Data Engineering and Mining (CISC 520)

This course addresses the emerging issues in designing, building, managing, and evaluating advanced data-intensive systems and applications. Data engineering is concerned with the role of data in the design, development, management, and utilization of complex computing/information systems.

Data Structures and Algorithms (CISC 610)

This course emphasizes fundamental algorithms and advanced methods of algorithmic design, analysis and implementation. This class overs techniques used to analyze problems and algorithms (including asymptotic, upper/lower bounds, best/average/worst case analysis, amortized analysis, complexity), basic techniques used to design algorithms (including divide and conquer/greedy/dynamic programming/heuristics, choosing appropriate data structures) and important classical algorithms (including sorting, string, matrix, and graph algorithms) and data structures.

Programming I (CISC 120)

This course introduces the concepts and techniques of computer programming. Emphasis is placed on developing the student’s ability to apply problem-solving strategies to design algorithms and to implement these algorithms in a modern, structured programming language.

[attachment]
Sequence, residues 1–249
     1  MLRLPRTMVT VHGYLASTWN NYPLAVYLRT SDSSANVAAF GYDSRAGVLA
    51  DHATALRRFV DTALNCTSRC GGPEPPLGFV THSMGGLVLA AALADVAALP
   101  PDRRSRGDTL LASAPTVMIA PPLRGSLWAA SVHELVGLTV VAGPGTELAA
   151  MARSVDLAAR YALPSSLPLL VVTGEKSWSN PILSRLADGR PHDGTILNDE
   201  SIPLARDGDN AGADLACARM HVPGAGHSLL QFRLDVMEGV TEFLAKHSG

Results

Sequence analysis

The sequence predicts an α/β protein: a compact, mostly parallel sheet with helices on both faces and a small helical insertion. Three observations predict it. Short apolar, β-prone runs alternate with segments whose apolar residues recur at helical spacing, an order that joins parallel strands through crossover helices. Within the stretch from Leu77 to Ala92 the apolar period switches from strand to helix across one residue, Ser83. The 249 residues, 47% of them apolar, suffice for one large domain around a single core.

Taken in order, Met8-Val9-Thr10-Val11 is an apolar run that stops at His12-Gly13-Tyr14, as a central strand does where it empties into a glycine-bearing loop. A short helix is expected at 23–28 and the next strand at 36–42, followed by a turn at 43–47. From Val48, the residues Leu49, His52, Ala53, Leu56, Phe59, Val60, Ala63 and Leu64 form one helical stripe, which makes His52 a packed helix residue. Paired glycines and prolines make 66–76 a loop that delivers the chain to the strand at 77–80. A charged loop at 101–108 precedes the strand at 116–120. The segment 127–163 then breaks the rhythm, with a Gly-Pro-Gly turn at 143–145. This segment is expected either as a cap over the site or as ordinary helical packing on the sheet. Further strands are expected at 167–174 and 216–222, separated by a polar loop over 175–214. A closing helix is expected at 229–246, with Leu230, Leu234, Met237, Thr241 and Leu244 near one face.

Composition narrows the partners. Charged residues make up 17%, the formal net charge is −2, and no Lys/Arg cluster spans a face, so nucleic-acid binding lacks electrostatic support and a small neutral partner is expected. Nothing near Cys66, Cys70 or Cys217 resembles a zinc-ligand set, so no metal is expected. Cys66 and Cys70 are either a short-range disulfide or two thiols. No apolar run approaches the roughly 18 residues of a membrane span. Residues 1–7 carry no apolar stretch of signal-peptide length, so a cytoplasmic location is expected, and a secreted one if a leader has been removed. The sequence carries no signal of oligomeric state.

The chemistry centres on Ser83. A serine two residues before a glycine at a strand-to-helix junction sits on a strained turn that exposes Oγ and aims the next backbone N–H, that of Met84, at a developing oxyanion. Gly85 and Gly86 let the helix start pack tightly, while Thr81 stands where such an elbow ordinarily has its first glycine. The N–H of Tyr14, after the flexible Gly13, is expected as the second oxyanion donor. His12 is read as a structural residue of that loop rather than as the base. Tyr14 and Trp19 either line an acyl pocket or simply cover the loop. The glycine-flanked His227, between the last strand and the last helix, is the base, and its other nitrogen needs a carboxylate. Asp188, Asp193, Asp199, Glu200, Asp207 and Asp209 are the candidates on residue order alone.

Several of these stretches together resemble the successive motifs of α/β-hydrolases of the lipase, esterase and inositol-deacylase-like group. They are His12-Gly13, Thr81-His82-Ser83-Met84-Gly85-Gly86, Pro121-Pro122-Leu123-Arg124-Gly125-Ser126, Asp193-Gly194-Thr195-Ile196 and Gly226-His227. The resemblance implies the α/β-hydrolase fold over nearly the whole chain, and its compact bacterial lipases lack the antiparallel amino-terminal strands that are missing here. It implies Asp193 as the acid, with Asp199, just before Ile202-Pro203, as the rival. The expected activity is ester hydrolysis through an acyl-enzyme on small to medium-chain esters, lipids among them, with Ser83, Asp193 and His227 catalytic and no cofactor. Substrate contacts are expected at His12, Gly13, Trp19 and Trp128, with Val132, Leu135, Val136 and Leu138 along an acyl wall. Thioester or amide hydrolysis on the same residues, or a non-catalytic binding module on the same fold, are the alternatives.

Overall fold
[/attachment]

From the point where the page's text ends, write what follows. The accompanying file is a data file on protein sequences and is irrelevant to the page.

Programming II (CISC 140)

This course builds upon fundamental concepts of programming and introduces several more advanced concepts. Emphasis is placed on the practical applications of the techniques and structures, as opposed to abstract theory, in the hopes of rendering the content accessible and useful in the context of using programming as a tool to solve problems.

Smartphone Programming (CISC 349)

This course introduces the student to mobile computing and mobile application design process. This includes designing, implementing, testing, debugging, and publishing smartphone applications with an emphasis on Android mobile operating system.

Newton-Pepys Problem

In this article, I would like to demonstrate an approach for solving relatively simple programming problems, of the sort you may encounter in a 100-level programming course in college. This technique doesn't scale well to large applications, but it does seem a good approach to teach to new programming students.